Wisconsin nursing homes fail to report deaths, injuries

Charles Pietrowski’s mother, Mary, fell and broke her hip at Sunrise Care Center in Milwaukee in January 2010. The nursing home did not report the incident to the Wisconsin health department, as required by law, and the state did not investigate the injury for more than seven months, the Wisconsin Center for Investigative Journalism found. The state later determined that Pietrowski fell due to negligence.

Attorneys for families of residents say that facilities’ failure to report serious injuries or deaths related to abuse or neglect is not uncommon. Far more often, they say, the state health department only learns about a case of alleged neglect or abuse after a family member files a complaint. Advocates for health care providers stress that incidents of neglect and abuse are extremely rare, and can come to regulators’ attention in a variety of ways. Continue Reading

Center’s inquiries prompt state policy changes

A Wisconsin tort reform law passed two years ago made state inspection reports of nursing homes and other health care facilities inadmissible as evidence in civil and criminal cases. Proponents of the law say it lets providers discuss problems more openly, but critics argue it puts the elderly and vulnerable at risk. This woman, whose family asked that she not be identified, was a resident at a Sauk City nursing home.

In response to the Wisconsin Center for Investigative Journalism’s inquiries into an accident involving a 88-year-old woman at a Milwaukee nursing home, the state Department of Health Services launched an internal review, which concluded that state officials did not properly respond. As a result, the department says it has reviewed its intake procedures and made changes to ensure that complaints against nursing homes are triaged appropriately and investigated in a timely fashion. Continue Reading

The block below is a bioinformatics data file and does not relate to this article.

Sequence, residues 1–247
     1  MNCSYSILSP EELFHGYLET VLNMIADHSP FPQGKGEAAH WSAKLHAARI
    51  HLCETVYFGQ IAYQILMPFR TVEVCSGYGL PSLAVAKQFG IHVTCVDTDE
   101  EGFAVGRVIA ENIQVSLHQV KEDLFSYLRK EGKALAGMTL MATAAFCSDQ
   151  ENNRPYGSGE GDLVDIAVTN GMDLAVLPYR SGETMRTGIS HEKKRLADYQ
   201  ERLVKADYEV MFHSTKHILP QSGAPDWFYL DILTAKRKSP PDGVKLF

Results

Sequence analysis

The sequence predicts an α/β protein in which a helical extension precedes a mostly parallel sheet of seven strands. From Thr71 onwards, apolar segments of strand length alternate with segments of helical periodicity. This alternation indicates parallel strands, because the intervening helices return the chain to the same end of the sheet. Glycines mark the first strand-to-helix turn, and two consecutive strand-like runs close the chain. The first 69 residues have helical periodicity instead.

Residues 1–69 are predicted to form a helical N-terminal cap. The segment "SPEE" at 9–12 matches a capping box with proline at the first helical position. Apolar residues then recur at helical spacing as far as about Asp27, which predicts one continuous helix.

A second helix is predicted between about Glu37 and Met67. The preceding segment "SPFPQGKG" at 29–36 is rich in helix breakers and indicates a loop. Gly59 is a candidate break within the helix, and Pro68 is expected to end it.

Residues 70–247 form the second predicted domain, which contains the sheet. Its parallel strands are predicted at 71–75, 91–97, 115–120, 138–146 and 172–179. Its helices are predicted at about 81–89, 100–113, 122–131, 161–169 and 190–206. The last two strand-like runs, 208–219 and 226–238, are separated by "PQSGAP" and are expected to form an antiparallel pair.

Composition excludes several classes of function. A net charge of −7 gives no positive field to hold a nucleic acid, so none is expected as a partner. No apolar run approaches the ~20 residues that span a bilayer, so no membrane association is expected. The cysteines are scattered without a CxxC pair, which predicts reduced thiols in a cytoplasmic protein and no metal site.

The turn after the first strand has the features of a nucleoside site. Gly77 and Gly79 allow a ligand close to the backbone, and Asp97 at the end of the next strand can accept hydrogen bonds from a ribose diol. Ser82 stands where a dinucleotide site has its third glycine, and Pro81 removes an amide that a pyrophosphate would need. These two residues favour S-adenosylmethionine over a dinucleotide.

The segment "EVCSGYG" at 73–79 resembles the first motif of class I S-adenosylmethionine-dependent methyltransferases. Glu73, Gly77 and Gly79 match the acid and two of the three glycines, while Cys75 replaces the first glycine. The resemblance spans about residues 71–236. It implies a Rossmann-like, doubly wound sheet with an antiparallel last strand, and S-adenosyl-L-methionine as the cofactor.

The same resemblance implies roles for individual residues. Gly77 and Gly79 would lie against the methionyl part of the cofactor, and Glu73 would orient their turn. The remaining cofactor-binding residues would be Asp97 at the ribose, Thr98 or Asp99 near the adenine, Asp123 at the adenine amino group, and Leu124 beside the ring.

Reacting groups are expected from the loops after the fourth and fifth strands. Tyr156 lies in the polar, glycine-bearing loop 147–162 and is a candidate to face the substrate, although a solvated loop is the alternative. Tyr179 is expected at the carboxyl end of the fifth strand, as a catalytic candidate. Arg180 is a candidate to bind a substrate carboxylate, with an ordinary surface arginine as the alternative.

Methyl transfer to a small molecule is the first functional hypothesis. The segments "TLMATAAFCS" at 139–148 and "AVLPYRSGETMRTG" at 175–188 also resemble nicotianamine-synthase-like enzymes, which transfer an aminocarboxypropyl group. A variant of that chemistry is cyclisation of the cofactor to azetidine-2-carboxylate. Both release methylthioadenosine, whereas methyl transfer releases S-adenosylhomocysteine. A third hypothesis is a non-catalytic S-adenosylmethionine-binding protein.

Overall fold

Gaps remain in jails’ suicide prevention

Inmate at La Crosse County jail

Since 2003, 52 Wisconsin county jail inmates have taken their own lives. Department of Corrections jail inspector Nancy Thelen said that generally, Wisconsin’s 72 county-run jails are doing “a very good job with their suicide watches.”

But a Wisconsin Center for Investigative Journalism review of the counties’ most recent jail inspection records found that at least one-third of them had, like Monroe County, been cited for problems with their suicide prevention efforts. Continue Reading

Ignored and underfunded, mental health care thin at county jails

Inmate at La Crosse County jail

Key findings:
• Wisconsin’s county-run jails are overloaded with people with mental illness — but services are largely inadequate.
• The state Department of Corrections is charged with oversight but does not evaluate the quality of jails’ mental health care.
• For nearly a quarter-century, the Legislature has required the DOC to collect and summarize annual reports on jails’ mental health care, but most jails have not provided the information, and the DOC acknowledges it has not been asking for them.
• One-third of Wisconsin’s jails have been cited for inadequate suicide prevention efforts. Continue Reading

Bills would let health providers say, ‘I’m sorry’

A couple of years ago, Dr. Erik Severson transferred a heart patient to a different hospital. When the man died under Severson’s care, the physician took a risk as he broke the news to the man’s son. He apologized — although he knew his words could be used against him in court. Now a Republican lawmaker, Severson has introduced a bill to let doctors do just that without fearing malpractice.
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Wisconsin’s mental health system braces for major cuts under Walker

Donovan Richards remembers his mother, Paula Buege, crying on the phone when doctors told her that her son would be in a mental institution before he turned 10. Buege says it took a lot of persistence to get the help her son needed. "It was a real struggle to get services," she says. Donovan, now 17, plays in a band and wants to be a music teacher some day.

In interviews with mental health advocates and county and state officials, the Wisconsin Center for Investigative Journalism found that Wisconsin’s public mental health system — once viewed as a national model — has become fragmented and underfunded. And many experts fear that as Gov. Scott Walker moves to close the state’s budget deficit, the mental health system will be weakened even further. Continue Reading